Women in Combat

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Although it has a predominantly male identity, the military has many female characteristics. Being a member of the military requires “collective action, organization, submissiveness, obedience, fidelity, and cooperation” which are all considered to be feminine qualities (Matthews 2009). Women have indirectly been involved in combat for many years as nurses and other medical personnel which are all exposed to combat during war. The Army’s policy definition of direct combat includes “engaging an enemy,” “being exposed to direct enemy fire,” and “closing with the enemy” (Harrell). Women should not be excluded from any aspect, or only restricted to certain aspects of the military when they sign up to join. Women should be allowed to be assigned to military combat roles in active duty.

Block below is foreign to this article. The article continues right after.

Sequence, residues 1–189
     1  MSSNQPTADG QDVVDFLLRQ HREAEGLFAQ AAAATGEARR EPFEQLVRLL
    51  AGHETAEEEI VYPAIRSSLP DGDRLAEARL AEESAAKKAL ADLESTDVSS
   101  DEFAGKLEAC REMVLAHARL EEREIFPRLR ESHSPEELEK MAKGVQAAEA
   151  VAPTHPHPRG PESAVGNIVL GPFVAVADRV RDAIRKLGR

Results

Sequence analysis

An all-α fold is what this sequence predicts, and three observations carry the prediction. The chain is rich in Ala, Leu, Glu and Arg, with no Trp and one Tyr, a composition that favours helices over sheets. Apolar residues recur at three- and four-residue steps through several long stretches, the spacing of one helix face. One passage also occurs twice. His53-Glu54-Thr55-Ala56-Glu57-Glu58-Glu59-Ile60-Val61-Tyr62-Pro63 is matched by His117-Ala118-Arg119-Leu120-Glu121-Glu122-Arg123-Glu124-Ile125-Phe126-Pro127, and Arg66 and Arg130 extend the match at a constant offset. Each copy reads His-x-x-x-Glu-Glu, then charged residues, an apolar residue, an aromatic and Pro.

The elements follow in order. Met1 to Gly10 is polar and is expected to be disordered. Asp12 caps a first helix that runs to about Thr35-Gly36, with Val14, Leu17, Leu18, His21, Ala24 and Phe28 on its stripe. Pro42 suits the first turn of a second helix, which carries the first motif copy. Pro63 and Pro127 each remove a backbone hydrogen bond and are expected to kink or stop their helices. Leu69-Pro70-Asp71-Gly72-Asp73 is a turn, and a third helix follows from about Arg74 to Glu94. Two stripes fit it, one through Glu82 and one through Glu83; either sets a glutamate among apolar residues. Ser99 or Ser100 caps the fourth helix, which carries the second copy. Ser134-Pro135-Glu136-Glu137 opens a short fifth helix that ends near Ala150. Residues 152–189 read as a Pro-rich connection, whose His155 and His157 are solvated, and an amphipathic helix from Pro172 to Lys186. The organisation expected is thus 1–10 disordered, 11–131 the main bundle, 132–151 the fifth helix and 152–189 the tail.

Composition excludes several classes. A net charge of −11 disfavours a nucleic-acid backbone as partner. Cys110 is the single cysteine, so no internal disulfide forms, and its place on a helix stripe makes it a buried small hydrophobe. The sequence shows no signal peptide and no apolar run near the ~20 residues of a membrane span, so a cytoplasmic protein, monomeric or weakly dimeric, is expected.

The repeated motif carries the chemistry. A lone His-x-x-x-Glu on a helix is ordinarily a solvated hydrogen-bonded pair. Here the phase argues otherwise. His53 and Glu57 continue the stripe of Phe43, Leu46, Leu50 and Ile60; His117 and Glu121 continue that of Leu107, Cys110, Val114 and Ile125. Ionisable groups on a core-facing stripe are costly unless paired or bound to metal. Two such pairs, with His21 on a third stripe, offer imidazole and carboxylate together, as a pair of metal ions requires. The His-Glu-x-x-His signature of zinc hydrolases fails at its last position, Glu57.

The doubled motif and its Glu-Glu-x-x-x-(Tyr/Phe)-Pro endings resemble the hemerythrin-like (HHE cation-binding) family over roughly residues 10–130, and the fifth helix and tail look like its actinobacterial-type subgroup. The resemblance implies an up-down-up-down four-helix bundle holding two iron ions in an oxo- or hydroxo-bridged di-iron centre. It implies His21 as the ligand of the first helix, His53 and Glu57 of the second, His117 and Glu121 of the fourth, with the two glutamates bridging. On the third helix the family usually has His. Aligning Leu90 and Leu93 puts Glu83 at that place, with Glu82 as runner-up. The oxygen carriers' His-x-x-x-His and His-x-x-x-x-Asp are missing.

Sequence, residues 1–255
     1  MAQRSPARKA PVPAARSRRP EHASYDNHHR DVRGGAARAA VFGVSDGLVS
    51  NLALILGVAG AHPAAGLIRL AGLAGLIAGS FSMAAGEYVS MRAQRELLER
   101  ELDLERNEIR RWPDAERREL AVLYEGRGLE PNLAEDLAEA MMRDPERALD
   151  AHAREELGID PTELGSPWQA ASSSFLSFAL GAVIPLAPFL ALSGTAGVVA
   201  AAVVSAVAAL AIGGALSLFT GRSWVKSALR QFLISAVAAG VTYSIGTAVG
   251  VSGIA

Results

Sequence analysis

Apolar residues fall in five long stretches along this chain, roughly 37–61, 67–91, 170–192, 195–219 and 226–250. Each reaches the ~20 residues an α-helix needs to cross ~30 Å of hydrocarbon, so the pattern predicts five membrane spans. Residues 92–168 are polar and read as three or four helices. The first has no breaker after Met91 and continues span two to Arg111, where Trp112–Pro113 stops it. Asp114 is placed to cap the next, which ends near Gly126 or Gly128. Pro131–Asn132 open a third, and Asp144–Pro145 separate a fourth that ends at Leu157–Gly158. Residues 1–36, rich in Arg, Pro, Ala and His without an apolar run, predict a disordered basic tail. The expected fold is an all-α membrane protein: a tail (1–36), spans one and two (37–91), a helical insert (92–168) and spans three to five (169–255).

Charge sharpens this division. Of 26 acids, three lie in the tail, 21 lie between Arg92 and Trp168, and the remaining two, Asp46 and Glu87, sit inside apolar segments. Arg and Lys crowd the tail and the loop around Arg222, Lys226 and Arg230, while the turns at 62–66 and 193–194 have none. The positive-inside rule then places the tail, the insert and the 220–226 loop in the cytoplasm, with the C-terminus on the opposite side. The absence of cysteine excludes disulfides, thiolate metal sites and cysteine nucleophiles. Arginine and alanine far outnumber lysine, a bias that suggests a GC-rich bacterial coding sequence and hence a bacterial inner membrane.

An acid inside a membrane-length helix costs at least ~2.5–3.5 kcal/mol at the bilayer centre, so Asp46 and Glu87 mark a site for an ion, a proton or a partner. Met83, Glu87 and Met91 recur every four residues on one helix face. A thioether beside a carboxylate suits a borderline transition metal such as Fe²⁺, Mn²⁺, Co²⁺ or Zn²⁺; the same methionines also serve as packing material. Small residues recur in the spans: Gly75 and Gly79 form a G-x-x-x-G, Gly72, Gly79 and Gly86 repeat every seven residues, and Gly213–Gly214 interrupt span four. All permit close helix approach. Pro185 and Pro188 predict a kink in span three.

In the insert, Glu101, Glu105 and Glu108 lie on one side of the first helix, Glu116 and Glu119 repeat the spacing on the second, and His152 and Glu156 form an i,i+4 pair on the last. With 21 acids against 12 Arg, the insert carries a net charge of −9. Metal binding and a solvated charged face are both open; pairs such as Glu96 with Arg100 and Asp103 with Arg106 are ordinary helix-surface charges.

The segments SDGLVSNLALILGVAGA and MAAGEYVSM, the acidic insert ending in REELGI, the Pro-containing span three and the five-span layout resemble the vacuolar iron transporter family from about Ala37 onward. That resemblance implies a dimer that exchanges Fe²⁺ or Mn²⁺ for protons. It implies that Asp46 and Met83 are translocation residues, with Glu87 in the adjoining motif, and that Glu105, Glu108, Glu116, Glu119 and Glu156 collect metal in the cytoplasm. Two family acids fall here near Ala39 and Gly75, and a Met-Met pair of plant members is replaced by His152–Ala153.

Not allowing women to participate in active combat duty is discrimination. The definition of discrimination according to Oxford Dictionary online is “The unjust or prejudicial treatment of different categories of people or things, especially on the grounds of race, age, or sex” (Oxford Dictionaries). Women are being treated differently because of their gender. People may argue that women are not strong enough to complete the tasks needed to fulfill a military position but females aren’t even given the same training, or even the same amount to time to prepare themselves to be able to keep up with the male units. They do their day to day jobs while the men are out training and preparing, and then are just randomly attached to the male unit sometime during the day for training (McNulty 2012). The men also had new, light weight versions of the necessary equipment to train with while the women were handed older versions of the gear that were heavier. Several...

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